You know how sometimes you have a little extra time on your hands? Or maybe you just drive by something you’ve driven by a million times before, but suddenly you’re like, “What the fuck??”
Back in early October, I had one of those moments.
See, there are these pink vans peppered about my fair city, advertising a topless maid business. I’ve driven by them for years, rolling my eyes. Once my boys were old enough to read, they asked a lot of questions about them. From the backseat of our minivan I’d hear, “Mom, what is a hot topless maid?” “How come they’re hot?” “Is that why they take their shirts off?” “Is $99 a lot of money for a topless maid?”
We had some interesting conversations about sex, politics, and jerks in those tender years. The looks on their shining faces gave me hope. They instinctively understood that the whole enterprise was a little whacked.
As years passed, I’ll admit, we all got used to them. The vans were like roadkill– only disturbing if we stopped to notice, and mostly we didn’t. (It’s kind of scary, the things we can stop noticing, which is maybe how free societies crumble, not to be dramatic or anything.)
Then for whatever reason, one night back in October, I saw one, parked in front of a crappy strip mall not far from my house, and I heard a voice saying, “This is bullshit.”
I stopped the car and left a nasty note on the windshield telling the owner exactly what I thought, signing it “A mother who is your worst nightmare!” Shout out to the random guy who snapped this pic:
The note stayed untouched for a few days, and I realized that no one was tending to these vans at all, and that whatever message I left would only ever be seen by the people passing by.
So what did I want to say?
Well, here’s what I didn’t want to say:
I didn’t want to blame the women working for this man. I didn’t even want to call into question his right to have this business. It’s a free country (sort of) and this is apparently all legal and legit.
Time out– just so you know what page I’m on. To me, there’s a difference between nude dancers, and maids who are paid to clean naked. There just is. The number plastered on the side, 1-800-SO-DIRTY, says it all. It’s the power play there that makes this disturbing. While that kind of thing might be fun and a-ok between real life lovers, when money (power) is in the picture, let’s be real.
Oh, and also, the guy with the money (power) in this scenario is a total stranger to the woman. I ask you- What could possibly go wrong???
Even though I am no fan at all of this guy or his business, my goal was just to get him to stop taking up our public parking spots with his offensive advertising, and to start a conversation about the message these vans send. He gets a voice, so I do to, was my thinking.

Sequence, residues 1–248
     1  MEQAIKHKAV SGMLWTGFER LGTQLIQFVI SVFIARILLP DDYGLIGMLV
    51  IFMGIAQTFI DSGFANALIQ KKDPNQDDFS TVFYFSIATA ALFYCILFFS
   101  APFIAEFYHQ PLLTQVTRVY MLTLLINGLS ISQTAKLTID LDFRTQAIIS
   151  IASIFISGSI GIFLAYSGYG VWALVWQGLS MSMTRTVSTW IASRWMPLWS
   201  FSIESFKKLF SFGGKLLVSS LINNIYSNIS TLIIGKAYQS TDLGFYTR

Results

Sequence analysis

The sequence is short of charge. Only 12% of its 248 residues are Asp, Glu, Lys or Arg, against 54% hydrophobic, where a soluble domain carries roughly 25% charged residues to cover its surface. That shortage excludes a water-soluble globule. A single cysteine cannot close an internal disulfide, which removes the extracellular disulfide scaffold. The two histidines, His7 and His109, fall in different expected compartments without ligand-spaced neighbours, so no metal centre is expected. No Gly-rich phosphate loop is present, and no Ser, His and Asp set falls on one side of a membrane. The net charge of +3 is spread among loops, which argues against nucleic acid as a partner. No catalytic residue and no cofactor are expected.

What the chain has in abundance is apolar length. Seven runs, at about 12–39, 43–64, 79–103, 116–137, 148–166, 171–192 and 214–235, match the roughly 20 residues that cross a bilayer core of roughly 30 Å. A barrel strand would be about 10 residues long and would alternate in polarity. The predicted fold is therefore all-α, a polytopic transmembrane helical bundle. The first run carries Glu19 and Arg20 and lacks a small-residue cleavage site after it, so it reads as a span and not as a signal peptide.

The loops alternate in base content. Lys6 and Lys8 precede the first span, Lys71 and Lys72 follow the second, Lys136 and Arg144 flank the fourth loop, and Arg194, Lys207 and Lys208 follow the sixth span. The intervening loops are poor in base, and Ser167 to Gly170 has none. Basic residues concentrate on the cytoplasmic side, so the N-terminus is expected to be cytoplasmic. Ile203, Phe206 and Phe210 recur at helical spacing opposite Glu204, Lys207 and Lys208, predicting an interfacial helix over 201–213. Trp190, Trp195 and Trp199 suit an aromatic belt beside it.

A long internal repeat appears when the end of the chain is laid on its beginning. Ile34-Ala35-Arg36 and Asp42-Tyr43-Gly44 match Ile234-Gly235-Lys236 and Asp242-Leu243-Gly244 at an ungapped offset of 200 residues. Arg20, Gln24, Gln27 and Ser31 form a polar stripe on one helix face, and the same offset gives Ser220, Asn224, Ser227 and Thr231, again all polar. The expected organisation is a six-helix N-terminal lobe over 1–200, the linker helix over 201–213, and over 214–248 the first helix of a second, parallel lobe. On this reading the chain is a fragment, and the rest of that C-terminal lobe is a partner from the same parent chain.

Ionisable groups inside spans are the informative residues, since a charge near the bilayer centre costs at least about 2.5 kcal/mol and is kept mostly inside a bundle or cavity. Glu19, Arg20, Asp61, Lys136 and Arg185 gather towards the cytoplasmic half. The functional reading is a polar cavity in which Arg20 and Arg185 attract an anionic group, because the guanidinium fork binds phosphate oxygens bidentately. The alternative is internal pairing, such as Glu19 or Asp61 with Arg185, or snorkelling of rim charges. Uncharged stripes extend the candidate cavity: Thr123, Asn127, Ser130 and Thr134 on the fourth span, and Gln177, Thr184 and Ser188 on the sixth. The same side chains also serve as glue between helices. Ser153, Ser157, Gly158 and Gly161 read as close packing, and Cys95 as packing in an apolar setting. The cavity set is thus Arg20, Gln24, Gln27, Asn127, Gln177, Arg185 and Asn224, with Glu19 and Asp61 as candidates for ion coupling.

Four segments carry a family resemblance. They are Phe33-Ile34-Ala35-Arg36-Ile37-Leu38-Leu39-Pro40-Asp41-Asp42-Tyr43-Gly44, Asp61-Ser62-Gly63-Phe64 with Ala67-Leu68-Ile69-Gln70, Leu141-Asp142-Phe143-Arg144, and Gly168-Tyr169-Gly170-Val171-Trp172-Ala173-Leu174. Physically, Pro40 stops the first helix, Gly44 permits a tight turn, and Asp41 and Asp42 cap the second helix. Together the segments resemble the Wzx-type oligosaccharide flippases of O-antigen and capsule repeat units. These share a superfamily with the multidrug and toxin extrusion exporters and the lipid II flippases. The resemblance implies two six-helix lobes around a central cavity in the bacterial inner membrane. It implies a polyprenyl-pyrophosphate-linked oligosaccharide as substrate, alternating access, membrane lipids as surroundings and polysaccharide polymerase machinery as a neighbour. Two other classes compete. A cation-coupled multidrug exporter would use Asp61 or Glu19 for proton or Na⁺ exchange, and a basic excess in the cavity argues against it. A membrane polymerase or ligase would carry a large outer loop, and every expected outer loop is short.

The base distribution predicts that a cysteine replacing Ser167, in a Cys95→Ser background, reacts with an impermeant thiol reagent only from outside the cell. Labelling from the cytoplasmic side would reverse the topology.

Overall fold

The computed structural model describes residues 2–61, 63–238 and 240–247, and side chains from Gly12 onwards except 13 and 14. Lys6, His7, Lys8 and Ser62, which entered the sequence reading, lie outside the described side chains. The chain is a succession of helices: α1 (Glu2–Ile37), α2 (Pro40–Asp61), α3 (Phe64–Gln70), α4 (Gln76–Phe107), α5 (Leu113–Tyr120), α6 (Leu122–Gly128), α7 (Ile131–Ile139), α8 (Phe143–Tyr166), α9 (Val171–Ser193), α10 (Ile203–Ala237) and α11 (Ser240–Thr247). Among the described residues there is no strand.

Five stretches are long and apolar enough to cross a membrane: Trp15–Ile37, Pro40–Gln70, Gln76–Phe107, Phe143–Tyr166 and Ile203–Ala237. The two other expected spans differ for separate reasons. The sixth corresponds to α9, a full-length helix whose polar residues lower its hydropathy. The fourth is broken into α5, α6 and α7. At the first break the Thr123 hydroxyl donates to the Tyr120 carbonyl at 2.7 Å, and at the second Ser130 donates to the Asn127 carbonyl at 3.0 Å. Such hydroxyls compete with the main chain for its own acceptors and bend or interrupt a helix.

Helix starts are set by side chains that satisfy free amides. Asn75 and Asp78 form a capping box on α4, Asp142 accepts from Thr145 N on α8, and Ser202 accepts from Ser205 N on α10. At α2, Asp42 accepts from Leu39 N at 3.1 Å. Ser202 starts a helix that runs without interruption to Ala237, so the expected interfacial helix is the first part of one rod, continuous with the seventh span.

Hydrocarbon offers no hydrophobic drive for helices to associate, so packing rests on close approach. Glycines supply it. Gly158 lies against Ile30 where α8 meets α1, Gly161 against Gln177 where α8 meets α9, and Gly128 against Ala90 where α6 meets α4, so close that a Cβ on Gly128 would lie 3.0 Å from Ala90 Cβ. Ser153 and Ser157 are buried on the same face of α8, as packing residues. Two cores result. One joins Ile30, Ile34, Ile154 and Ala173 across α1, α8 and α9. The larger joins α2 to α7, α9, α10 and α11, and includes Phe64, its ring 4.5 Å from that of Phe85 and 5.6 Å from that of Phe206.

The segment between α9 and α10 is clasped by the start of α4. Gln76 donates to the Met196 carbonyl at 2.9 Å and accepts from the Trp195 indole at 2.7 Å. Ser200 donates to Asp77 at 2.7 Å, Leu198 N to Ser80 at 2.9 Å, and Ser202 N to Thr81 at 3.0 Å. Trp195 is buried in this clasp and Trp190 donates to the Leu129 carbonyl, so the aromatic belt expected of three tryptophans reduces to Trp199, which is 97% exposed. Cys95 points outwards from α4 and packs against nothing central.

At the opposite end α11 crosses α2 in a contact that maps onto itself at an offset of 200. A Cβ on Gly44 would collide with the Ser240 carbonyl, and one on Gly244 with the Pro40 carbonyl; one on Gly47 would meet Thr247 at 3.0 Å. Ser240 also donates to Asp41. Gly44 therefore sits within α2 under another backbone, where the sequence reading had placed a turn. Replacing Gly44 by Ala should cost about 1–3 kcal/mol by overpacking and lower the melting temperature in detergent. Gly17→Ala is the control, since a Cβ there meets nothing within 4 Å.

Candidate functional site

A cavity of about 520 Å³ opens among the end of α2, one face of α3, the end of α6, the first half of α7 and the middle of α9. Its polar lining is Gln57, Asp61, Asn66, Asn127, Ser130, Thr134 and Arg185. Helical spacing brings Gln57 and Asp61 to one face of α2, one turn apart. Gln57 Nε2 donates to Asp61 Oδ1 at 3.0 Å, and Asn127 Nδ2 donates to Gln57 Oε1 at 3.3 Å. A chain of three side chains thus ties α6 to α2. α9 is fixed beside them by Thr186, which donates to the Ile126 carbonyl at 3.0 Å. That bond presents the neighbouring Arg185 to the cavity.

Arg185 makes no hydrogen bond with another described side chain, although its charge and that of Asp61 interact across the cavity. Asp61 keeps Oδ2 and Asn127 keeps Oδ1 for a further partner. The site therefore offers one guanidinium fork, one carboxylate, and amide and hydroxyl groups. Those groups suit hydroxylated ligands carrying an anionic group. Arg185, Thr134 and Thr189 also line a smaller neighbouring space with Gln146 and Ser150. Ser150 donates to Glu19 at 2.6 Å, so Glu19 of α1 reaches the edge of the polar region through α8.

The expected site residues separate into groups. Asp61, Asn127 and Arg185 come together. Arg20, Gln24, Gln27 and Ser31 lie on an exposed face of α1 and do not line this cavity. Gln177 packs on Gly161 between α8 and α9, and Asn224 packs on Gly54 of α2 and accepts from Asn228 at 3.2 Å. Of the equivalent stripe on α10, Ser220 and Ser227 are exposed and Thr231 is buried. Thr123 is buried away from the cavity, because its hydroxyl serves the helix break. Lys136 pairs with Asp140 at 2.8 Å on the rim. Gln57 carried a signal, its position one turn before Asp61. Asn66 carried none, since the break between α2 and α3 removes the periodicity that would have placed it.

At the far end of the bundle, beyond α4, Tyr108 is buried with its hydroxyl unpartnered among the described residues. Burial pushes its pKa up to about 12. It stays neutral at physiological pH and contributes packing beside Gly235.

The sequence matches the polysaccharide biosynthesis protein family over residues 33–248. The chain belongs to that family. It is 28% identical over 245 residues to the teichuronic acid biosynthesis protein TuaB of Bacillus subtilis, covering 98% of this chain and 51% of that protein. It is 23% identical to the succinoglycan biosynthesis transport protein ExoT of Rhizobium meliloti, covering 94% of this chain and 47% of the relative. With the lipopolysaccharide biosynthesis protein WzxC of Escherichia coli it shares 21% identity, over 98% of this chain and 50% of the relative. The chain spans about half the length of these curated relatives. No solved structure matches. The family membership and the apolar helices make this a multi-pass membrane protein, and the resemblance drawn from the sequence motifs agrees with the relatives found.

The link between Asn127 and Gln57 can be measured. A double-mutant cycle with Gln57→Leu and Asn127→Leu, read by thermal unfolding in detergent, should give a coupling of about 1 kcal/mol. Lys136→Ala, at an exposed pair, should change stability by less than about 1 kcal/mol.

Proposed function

Over the next few months, I had my say:
At one point, photos of the signs were posted on another neighborhood’s Next Door page, and the response was encouraging. That was when I realized that it wasn’t just my friends who were giving their thumbs up. Lots of people responded that they also resented the presence of these vans in their neighborhood.
Then this happened:
It totally wasn’t me, I swear. Neither was the bent license plate, windshield wipers, or the note on the windshield reading, “Sugar in the gas tank, asshole— more to come!”
This van was gone the next day. The. Next. Day. Gals, it’s possible that our good manners are slowing us down. Just sayin.’
As for me, I played nice.
I made online complaints to parking enforcement, emailed and called my LA City Council member, called local law enforcement, and the Department of Transportation to register complaints. Legally, vehicles can not be parked on public streets for longer than three days, without being moved. Even though every person I spoke to agreed that the vans should go, no one was optimistic.
It seemed like nothing short of spray paint and elbow grease was going to work.
Then, last week, I drove by the spot where one of my vans has sat for months, and saw this:
Gone. Just like that.
I couldn’t believe it.
I’d become so used to feeling like nothing I do matters, that I was nearly knocked off my feet at this tiny ray of hope. I was on top of the world and utterly proud of myself, for about a whole minute.
After all, the truth is that there is no way of knowing whether my actions had anything to do with the van disappearing. There is no doubt that it took several people registering complaints, and the passage of many weeks before that one van disappeared. When some of my friends congratulated me, I was honest when I said I didn’t think I could claim any credit.
But y’all – it felt SO good to think I had had something to do with it.
Like a lot of women socialized to reign it in, I didn’t like sounding too big for my britches. I didn’t want to sound like I thought getting a van towed meant anything in the grand scheme of community action.
There are people living on the streets, after all.
The thing is, when I feel I can’t make a difference, I stay home. I look away. I hush my mouth. What if calling really did help? What if, very secretly, I let myself believe that I can be heard?
I think it’s worth fanning that flame.
I love imagining the conversations that might be happening in cars driving by those vans. “Mom, what’s misogyny?” is a pretty awesome opener, don’t you think? Fan that flame, sister!
At home, my husband had made the same calls to the city I made, and was feeling his own glow of satisfaction. Ever the buzzkill, I reminded him that that particular block is still pretty shitty, managing to add “but at least now, it’s a little less shitty.”
For now, that feels like a call I can answer. I can just try to make things a little less shitty.
In the words of my anonymous pink spray painting comrade,
“More to come.”